Maybe you are not of Obama ilk, but when the foundation is being continually undermined the whole structure will eventually collapse.

_______________________

* "As a conservative site, Free Republic is pro-God, pro-life, pro-family, pro-Constitution, pro-Bill of Rights, pro-gun, pro-limited government, pro-private property rights, pro-limited taxes, pro-capitalism, pro-national defense, pro-freedom, and-pro America. We oppose all forms of liberalism, socialism, fascism, pacifism, totalitarianism, anarchism, government enforced atheism, abortionism, feminism, homosexualism, racism, wacko environmentalism, judicial activism, etc. We also oppose the United Nations or any other world government body that may attempt to impose its will or rule over our sovereign nation and sovereign people. We believe in defending our borders, our constitution and our national sovereignty."

Cordially,

81 posted on 12/03/2011 6:21:06 AM PST by Diamond (He has erected a multitude of new offices, and sent hither swarms of officers to harass our people,)
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To: Diamond

Please define the difference between religion and superstition


82 posted on 12/03/2011 6:27:18 AM PST by muir_redwoods (No wonder this administration favors abortion; everything they have done is an abortion)
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To: muir_redwoods
I thought you didn't want to waste time and bandwidth in deconstruction of words (?)

Words are the only tools we have here to try to communicate. My intent has not merely been to engage in word deconstruction, it has been to communicate a message to you.

As far a the word "religion", I am willing to stipulate its meaning in the same sense(s) in which the Founders used it.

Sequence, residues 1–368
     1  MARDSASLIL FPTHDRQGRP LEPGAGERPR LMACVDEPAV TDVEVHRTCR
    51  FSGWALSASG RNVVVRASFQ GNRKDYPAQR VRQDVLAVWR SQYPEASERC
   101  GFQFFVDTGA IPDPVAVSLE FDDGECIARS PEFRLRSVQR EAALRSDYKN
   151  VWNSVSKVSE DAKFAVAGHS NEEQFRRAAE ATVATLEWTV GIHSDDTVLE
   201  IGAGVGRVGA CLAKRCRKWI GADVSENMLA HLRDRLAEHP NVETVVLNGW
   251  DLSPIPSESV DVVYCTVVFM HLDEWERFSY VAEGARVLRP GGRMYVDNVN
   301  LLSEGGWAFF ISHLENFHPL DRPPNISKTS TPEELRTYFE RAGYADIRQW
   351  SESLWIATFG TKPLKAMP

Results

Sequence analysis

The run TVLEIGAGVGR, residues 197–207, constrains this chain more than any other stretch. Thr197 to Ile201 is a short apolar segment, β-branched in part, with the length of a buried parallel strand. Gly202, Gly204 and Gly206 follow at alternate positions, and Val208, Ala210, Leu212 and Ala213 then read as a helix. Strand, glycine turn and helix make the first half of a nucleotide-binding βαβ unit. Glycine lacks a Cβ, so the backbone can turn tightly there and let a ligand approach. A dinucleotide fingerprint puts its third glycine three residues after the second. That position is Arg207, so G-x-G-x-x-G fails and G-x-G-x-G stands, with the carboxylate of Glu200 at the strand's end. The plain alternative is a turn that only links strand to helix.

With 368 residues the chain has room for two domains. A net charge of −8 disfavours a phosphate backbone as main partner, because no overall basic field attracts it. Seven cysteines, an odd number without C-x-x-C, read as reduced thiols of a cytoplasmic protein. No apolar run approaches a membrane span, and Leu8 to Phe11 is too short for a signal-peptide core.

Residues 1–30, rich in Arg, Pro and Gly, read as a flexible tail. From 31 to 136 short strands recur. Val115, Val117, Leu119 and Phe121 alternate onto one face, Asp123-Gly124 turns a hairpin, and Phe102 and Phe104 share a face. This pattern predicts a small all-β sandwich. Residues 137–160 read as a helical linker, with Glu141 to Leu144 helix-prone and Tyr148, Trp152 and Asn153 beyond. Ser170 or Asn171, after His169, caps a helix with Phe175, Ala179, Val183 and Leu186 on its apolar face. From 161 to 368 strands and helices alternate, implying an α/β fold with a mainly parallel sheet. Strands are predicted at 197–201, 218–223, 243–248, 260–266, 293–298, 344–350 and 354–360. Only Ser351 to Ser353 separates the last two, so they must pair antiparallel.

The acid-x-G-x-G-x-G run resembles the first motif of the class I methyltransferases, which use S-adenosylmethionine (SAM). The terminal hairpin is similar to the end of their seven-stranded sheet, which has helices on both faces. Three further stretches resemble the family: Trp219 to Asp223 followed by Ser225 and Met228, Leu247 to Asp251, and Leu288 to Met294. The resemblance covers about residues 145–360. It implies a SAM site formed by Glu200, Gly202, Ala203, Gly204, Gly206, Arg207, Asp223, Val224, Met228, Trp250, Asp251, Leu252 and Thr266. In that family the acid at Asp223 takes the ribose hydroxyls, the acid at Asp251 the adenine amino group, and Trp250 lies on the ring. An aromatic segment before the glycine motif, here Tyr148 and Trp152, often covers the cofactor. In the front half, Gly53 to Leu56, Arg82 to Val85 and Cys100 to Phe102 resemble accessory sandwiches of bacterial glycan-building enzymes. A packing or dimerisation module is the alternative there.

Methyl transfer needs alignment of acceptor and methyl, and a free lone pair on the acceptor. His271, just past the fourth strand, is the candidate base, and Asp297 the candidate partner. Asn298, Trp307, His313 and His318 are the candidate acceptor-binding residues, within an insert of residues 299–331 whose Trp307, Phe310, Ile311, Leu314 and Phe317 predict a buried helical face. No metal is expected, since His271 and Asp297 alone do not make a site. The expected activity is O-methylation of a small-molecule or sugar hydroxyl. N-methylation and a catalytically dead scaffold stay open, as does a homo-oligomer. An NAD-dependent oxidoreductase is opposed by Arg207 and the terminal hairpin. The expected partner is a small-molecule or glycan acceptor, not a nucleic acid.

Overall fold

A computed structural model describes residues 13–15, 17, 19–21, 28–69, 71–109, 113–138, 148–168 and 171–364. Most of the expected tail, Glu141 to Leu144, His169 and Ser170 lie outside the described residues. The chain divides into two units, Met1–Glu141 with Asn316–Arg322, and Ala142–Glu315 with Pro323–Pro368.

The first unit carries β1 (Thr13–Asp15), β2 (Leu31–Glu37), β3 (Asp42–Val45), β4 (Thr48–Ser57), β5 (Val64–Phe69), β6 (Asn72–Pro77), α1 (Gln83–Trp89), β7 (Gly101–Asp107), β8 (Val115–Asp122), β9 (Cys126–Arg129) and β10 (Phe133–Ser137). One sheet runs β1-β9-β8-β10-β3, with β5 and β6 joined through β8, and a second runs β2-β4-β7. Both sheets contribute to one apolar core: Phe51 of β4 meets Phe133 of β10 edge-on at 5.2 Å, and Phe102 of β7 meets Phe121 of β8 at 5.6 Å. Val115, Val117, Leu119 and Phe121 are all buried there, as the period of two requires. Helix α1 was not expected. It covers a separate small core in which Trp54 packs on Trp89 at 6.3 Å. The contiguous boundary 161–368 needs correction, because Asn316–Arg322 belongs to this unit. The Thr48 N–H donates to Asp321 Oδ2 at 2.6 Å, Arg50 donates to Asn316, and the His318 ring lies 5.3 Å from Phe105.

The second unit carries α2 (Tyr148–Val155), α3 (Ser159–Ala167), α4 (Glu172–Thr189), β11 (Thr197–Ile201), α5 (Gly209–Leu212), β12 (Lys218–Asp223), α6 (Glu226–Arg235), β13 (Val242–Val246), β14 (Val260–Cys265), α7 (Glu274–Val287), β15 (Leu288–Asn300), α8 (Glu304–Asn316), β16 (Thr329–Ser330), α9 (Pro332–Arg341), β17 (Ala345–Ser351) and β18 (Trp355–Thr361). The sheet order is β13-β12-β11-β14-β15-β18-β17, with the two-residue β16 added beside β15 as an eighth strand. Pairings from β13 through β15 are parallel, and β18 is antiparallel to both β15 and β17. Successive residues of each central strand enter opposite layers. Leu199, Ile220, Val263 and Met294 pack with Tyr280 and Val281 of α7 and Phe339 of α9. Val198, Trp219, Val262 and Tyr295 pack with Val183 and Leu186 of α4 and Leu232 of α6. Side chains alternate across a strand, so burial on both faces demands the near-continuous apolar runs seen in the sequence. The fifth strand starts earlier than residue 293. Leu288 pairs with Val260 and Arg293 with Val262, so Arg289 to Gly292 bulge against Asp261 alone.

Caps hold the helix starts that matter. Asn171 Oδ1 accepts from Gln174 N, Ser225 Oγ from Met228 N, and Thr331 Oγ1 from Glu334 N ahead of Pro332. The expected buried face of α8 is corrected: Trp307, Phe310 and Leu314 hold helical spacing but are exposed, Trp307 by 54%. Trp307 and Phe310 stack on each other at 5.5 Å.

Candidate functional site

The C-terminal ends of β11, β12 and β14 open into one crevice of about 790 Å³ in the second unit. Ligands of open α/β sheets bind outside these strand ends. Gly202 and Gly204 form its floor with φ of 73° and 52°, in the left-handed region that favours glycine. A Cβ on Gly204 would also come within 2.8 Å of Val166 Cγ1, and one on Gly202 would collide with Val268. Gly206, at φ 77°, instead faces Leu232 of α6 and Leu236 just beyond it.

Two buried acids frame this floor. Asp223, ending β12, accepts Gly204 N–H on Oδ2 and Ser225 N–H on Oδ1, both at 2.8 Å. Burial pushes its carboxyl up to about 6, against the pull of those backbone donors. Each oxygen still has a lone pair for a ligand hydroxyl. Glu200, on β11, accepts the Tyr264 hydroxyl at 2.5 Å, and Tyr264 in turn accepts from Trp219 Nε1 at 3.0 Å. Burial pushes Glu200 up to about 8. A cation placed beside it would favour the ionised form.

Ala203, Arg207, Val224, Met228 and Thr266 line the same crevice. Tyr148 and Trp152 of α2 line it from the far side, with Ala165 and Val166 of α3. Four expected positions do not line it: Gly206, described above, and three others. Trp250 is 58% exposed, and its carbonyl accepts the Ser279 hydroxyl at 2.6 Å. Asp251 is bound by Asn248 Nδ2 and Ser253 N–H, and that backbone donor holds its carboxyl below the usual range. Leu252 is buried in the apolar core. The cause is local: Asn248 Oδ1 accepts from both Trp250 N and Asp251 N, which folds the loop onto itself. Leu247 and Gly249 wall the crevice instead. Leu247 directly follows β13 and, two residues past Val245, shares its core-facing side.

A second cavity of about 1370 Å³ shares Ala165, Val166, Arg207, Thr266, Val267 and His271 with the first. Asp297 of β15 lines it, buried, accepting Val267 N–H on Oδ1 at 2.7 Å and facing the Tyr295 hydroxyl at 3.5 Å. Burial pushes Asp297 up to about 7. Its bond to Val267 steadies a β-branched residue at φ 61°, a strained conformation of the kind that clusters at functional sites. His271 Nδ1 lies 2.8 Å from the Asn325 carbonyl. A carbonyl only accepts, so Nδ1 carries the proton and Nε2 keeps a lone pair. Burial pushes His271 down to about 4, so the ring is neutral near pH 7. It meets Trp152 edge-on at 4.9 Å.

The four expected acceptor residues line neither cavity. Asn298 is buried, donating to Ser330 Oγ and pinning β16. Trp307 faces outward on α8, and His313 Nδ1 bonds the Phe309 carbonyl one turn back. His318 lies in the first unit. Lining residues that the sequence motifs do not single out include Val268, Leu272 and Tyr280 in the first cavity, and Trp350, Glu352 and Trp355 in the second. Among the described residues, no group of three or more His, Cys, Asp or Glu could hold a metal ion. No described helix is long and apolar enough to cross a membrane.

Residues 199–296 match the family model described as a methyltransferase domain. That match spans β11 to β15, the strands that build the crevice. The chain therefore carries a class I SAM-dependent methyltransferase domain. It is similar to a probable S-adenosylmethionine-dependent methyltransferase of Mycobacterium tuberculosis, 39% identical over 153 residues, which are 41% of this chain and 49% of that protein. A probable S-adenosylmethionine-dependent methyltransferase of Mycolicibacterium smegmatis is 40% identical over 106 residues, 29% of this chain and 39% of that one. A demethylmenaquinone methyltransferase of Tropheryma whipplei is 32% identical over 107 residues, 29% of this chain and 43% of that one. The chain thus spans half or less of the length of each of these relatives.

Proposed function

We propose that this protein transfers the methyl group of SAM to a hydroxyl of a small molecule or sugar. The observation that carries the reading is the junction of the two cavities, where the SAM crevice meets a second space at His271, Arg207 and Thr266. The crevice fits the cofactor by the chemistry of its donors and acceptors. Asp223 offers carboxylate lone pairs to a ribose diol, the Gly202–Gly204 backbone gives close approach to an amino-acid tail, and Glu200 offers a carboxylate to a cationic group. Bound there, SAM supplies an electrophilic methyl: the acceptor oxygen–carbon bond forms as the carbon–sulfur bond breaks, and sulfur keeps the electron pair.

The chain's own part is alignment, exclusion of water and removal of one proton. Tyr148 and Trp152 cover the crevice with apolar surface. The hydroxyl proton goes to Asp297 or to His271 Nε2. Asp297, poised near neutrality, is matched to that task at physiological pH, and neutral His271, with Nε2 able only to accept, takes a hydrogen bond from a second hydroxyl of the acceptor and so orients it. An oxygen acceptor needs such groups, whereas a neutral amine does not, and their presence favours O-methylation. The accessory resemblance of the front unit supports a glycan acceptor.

As far as the word, "superstition", I submit the following current definition for your consideration:

su·per·sti·tion / ˌsoōpərˈstishən/ • n. excessively credulous belief in and reverence for supernatural beings: he dismissed the ghost stories as mere superstition.
∎  a widely held but unjustified belief in supernatural causation leading to certain consequences of an action or event, or a practice based on such a belief: she touched her locket for luck, a superstition she had had since childhood.

The difference of course is whether or not the belief is considered properly justified, or properly basic, but these concepts entail epistemological problems that I'm guessing you will probably not want to delve into in light of your expressed distaste for undergraduate-style philosophical discussion.

Cordially,

83 posted on 12/03/2011 7:36:38 AM PST by Diamond (He has erected a multitude of new offices, and sent hither swarms of officers to harass our people,)
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To: Lou Budvis
The gov’t has no business telling consenting adults with whom (or WHAT, by logical extenstion of the assertion ) they can have sex.
84 posted on 12/03/2011 7:40:26 AM PST by j_tull (I may make you feel, but I can't make you think.)
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To: Diamond

Then let me ask why you seem to have unnecessarily confabulated God with religion. It’s a bit like confabulating love with romance novels to my eyes. While it’s true Jim’s site includes a reverence for God, I see no similar mention of religion.


85 posted on 12/03/2011 1:05:26 PM PST by muir_redwoods (No wonder this administration favors abortion; everything they have done is an abortion)